Vikings quarterback is Tribune’s All-Area football Player of the Year
Published 5:06 pm Saturday, December 20, 2014
Whether he carried the ball between the tackles or picked on a defensive back in man-to-man coverage, Josh Einertson made an impact for the Northwood-Kensett football team.
Through the air, Einertson had the best touchdown-to-interception ratio in the area. He completed 42-of-85 passes for 522 yards with nine touchdowns and three interceptions.
“We talk all the time about making good decisions and taking care of the ball, and Josh does a great job,” said Northwood-Kensett coach Dave Capitani. “He would rarely force a pass and was able to make a lot of big plays with both his feet and his arm.”
Email newsletter signup
Einertson is the Tribune’s All-Area football Player of the Year.
On the ground, Einertson was lethal as well. He gashed opponents for 871 yards and 11 touchdowns on 132 carries.
“His athleticism is his greatest quality,” Capitani said. “He’s fast and elusive with the ball.”
Einertson, a junior, accounted for 20 touchdowns and 1,393 yards of total offense, but he said his line deserves the accolades.
“I can’t thank them enough,” Einertson said. “They really don’t get enough credit for what they do. Without them, we wouldn’t get anywhere.”
Last year, Einertson shared a few snaps with Brandon Brockman but posted nearly identical numbers with 1,383 yards of total offense. To have an underclassman behind center is rare for the Vikings.
“Josh was the first sophomore to start since my first year as head coach when Brian Lease started for us,” Capitani said in his 26th year. “That team was 1-7.”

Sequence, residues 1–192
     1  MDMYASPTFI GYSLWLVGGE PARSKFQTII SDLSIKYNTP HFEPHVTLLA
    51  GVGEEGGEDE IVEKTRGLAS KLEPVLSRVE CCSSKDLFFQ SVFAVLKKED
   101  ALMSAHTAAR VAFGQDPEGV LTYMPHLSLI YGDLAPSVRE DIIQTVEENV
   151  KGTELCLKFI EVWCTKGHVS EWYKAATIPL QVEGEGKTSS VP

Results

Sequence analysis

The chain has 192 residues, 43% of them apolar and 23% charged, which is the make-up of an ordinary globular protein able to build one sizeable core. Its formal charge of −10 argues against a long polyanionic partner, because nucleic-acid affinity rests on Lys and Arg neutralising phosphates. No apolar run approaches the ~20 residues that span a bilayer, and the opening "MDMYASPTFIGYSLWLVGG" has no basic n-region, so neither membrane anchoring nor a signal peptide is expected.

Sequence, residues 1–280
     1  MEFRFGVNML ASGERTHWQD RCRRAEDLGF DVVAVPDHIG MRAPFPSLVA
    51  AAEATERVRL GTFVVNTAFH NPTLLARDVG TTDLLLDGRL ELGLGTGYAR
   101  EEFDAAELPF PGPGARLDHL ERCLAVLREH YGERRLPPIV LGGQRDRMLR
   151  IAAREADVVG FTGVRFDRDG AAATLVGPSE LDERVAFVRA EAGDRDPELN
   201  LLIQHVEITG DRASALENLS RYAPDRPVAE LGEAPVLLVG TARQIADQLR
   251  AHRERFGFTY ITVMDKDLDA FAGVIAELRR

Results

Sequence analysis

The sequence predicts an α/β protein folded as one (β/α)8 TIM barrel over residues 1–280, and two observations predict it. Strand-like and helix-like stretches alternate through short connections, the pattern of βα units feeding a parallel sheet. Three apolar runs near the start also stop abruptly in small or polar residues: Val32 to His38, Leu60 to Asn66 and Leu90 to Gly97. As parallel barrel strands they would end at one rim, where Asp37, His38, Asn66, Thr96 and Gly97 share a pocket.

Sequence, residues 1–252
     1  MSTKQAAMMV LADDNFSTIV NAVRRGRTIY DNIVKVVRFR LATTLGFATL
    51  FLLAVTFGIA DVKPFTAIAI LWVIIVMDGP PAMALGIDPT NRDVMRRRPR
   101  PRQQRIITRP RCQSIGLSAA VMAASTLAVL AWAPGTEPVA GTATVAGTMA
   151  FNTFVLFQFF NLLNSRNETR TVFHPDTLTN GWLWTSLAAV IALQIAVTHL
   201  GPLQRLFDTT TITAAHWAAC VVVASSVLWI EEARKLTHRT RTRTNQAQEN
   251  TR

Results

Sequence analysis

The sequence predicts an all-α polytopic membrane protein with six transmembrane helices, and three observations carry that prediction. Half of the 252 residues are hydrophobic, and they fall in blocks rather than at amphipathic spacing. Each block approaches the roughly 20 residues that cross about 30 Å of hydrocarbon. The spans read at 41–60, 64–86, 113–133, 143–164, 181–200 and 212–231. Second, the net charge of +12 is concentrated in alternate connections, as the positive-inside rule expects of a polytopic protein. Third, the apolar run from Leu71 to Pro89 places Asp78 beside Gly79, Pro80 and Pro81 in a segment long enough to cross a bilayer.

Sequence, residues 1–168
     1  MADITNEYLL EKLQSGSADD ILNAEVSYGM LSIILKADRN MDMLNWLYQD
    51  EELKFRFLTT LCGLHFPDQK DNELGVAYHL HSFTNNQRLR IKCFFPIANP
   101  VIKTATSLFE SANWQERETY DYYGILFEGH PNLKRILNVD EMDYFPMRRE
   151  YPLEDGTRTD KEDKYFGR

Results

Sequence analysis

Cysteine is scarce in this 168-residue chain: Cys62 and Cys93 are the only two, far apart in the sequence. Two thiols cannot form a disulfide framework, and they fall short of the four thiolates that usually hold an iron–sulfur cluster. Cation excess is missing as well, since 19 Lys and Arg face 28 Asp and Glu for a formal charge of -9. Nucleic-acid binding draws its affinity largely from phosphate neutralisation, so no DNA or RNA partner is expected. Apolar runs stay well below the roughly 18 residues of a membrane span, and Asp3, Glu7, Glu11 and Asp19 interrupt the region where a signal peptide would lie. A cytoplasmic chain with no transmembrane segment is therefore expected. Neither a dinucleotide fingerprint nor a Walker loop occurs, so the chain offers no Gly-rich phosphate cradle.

Not only has Einertson put up big numbers, he led Northwood-Kensett and a strong supporting cast to considerable success. The Vikings qualified for the second round of the 8-Man state playoffs in two consecutive years.
“He is a fine leader both on and off the field, which is essential for your quarterback,” Capitani said. “He is also very intelligent and has an outstanding grasp of the game.”
Einertson’s understanding of football stems from playing multiple positions. He started his tackle football career in the Vikings’ youth program in fifth grade, he said. He played running back his first year, was moved to tight end in sixth grade, then back to running back, and his first action as a signal caller was last year. He said Capitani and former Vikings quarterback and current assistant coach, Jordan Reindl, helped him with the transition.
“They’re all fantastic coaches,” Einertson said. “It starts with those guys. I have so much respect for them.”
Along with football in the fall, Einertson plays basketball in the winter and track in the spring.
He will return to the gridiron next year for his senior season. After graduating from high school, Einertson said he plans to major in education to become a history teacher.